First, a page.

I asked Douglas to explain exactly what he had in mind and it’s worth quoting from his letter of July 2015: “You asked me to put into writing my thoughts on a folk revival painting that would be a kind of companion piece to your Scottish poets. Here goes. The first of it was when I came across Tim Neat in his Hamish Henderson biography taking you to task for not including HH in your Milne’s Bar gallimaufry.

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"Tim is wrong on two counts: 1) Hamish was never a Milne’s Bar man and 2) by the early 1960s he had, very deliberately, stopped thinking of himself as a poet having discovered his true metier as a folk collector/animateur (and occasional songwriter).”

Alan: So how did this “battle” – or “flyting” – come about?

Sandy: There was something of a schism between the poets and the folkies, most notably in The Scotsman spat, in this correspondence between MacDiarmid and Hamish.

I think it was really just the two wings of the one movement though neither quite saw it that way at the time and the debate has by now been healthily enough resolved.

But the element of schism does vindicate the idea of a folk revival companion piece. A better setting for a folk revival piece – which would have to have Hamish at its centre – would maybe be not a pub but a campfire. For whatever reason – he never knew his father (perhaps the Duke of Atholl?) and his mother died when he was just 14 so there must have been a big element of personal search.

His discoveries seem to have been predominantly women. So maybe with Hamish around the fire and his tape recorder you could have Jeannie Robertson, Jean Redpath and Dolina MacLennan.

Alan: So this is a companion piece painting, a counterpoint maybe, to Poets’ Pub, which is one of the iconic treasures of the National Portrait Galleries in Edinburgh …

Sandy: And therefore echoing Douglas Eadie’s point that there are two wings of the one movement. Both Poets’ Pub and Scotland’s Voices might be seen as a coming together of the literary and the oral traditions, both complementing each other, a truly Gramscian conclusion of which MacDiarmid and Henderson would surely have approved.

Alan: Could you tell us a little about the new portraits in the exhibition? 

Sandy: In recent years I’ve revisited some of my earlier themes with a new version of Milne’s Bar, a memoir of my student days in the Rose Street pubs. In some ways this is another counterpoint to Scotland’s Voices. The cast now includes not only MacDiarmid but also his wife Valda, not only George Mackay Brown but also the film-maker and poet Margaret Tait, as well as George Campbell Hay, Sydney Goodsir Smith and, occupying a central position, Norman MacCaig.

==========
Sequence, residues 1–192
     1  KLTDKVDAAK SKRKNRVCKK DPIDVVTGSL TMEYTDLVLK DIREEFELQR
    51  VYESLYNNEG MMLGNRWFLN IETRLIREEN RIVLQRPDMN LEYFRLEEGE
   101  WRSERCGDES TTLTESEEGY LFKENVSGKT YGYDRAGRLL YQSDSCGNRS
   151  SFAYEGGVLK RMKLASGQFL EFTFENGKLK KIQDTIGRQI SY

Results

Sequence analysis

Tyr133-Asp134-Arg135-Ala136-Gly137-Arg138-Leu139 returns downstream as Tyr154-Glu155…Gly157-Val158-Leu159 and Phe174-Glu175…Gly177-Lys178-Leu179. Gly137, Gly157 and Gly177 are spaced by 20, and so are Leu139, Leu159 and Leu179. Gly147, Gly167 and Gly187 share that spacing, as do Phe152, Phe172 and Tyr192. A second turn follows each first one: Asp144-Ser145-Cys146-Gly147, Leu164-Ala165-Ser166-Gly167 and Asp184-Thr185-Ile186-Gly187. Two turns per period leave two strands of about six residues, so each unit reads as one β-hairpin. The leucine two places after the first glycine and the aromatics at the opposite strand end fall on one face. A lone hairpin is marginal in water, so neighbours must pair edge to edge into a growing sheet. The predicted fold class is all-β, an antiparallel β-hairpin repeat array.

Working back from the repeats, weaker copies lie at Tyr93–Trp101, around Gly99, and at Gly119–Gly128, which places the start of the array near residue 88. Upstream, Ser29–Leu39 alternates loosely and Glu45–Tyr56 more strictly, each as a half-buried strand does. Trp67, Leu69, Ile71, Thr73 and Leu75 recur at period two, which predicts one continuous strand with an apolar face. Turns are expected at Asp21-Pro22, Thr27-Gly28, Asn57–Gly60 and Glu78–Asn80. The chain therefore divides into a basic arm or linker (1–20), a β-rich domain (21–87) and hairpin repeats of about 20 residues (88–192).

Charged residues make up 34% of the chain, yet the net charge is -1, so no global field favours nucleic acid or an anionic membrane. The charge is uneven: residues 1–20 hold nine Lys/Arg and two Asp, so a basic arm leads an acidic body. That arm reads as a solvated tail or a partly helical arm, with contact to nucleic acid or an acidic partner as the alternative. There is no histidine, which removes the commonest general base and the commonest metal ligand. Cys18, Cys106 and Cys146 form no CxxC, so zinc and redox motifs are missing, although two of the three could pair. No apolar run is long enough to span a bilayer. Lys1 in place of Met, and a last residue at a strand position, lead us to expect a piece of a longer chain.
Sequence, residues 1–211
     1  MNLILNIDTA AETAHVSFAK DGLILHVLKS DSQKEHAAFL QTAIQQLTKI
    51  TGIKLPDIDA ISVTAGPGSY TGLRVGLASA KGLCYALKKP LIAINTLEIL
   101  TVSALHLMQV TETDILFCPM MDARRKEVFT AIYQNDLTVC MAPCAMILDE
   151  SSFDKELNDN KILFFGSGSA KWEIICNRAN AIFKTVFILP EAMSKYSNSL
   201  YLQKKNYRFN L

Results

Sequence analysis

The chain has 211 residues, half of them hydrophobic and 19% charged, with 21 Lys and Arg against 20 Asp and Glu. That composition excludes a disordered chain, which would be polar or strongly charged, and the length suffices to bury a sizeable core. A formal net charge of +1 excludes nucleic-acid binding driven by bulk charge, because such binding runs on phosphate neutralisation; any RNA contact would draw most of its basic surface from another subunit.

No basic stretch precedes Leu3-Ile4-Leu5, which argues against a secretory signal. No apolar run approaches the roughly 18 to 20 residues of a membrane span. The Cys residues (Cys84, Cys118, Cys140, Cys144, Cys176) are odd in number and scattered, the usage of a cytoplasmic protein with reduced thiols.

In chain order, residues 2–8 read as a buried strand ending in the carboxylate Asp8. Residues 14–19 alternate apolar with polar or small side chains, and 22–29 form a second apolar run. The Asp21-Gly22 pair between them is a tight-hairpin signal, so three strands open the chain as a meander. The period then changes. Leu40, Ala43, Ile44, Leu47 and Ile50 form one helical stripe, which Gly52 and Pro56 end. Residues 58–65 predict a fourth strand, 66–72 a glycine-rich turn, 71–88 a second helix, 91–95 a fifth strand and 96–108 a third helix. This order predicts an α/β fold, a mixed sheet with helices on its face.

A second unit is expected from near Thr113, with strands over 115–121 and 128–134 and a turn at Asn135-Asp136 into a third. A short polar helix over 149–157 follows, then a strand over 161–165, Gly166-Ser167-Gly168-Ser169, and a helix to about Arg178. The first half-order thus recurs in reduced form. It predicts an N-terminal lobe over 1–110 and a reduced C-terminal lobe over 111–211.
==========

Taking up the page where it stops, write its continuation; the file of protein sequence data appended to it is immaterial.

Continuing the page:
Alan: Then there’s a painting of another group of people who I’m certain not everyone would associate as companions, or compatriots in art, two composers and a poet …

Sandy: In 1962, when the great Russian composer Dimitri Shostakovich visited the Edinburgh Festival, Ronald Stevenson presented him with the score of his mighty work for solo piano, the Passacaglia on DSCH. Stevenson was a great friend and mentor and this was something I’d thought about painting for many years.

The Passacaglia has become a much admired and recognised masterwork and a recent recording by the outstanding Russian/German pianist Igor Levit has won several awards.

Alan: It’s an astonishing recording, that: Igor Levitt, On DSCH (Sony Classical 194398092112), a three-CD set, the first two CDs taking in Shostakovich’s 24 Preludes and Fugues and the third CD comprising the whole of the Passacaglia, 85 minutes and 23 seconds of white-hot intensity, covering the geopolitical realities of the whole world as far as Stevenson could encompass them, and all grounded, or earthed, in the recurring theme-motif of DSCH.

Sandy: Completing this series of history paintings is a version of The Border Guards depicting the three men who launched the Scottish Renaissance in the early 1920s – Johnstone, MacDiarmid and the composer, Francis George Scott.

All three hailed from the Borders – Scott was MacDiarmid’s schoolteacher in Langholm, while Scott and Johnstone were cousins.

Alan: Johnstone describes the three of them in his autobiography, Points in Time (London: Barrie and Jenkins, 1980): “Nervous, highly strung, tautly sensitive with quick reactions, [Scott] had a powerful brain and was fortunate in that he needed little sleep so that he could work a 24-hour day, showing not the slightest sign of fatigue.